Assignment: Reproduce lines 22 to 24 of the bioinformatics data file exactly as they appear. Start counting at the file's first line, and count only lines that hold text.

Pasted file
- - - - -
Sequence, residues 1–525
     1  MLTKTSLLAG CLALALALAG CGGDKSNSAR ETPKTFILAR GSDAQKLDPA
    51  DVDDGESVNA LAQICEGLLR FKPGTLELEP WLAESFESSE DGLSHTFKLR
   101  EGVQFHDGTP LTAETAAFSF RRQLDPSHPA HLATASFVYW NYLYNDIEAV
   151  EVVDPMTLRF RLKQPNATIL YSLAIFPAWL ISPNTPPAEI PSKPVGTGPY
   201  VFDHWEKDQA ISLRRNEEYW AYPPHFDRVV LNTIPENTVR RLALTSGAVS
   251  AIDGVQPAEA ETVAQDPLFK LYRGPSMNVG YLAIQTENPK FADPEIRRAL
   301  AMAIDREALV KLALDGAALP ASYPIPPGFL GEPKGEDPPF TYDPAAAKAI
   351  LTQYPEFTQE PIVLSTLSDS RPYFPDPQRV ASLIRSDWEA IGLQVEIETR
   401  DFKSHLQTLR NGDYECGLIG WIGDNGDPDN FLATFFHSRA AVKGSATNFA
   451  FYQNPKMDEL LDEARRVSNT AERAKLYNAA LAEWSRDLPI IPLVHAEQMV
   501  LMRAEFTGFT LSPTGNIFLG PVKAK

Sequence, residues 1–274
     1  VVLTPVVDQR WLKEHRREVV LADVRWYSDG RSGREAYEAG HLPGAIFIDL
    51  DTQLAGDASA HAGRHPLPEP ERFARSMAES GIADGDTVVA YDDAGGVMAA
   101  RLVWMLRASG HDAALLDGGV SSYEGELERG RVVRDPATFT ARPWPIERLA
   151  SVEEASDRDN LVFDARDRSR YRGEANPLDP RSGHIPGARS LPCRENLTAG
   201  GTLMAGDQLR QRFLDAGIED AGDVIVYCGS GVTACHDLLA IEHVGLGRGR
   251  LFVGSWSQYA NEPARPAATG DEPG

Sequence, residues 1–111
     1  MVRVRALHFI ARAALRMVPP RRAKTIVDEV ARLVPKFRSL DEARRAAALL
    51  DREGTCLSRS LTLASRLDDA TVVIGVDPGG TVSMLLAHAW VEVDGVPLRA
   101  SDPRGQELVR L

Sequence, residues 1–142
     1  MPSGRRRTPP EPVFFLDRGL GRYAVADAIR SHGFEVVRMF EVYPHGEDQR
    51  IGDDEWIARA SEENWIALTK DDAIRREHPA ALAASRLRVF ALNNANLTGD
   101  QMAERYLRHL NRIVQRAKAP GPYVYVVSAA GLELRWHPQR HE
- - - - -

    51  DREGTCLSRS LTLASRLDDA TVVIGVDPGG TVSMLLAHAW VEVDGVPLRA
   101  SDPRGQELVR L

Sequence, residues 1–142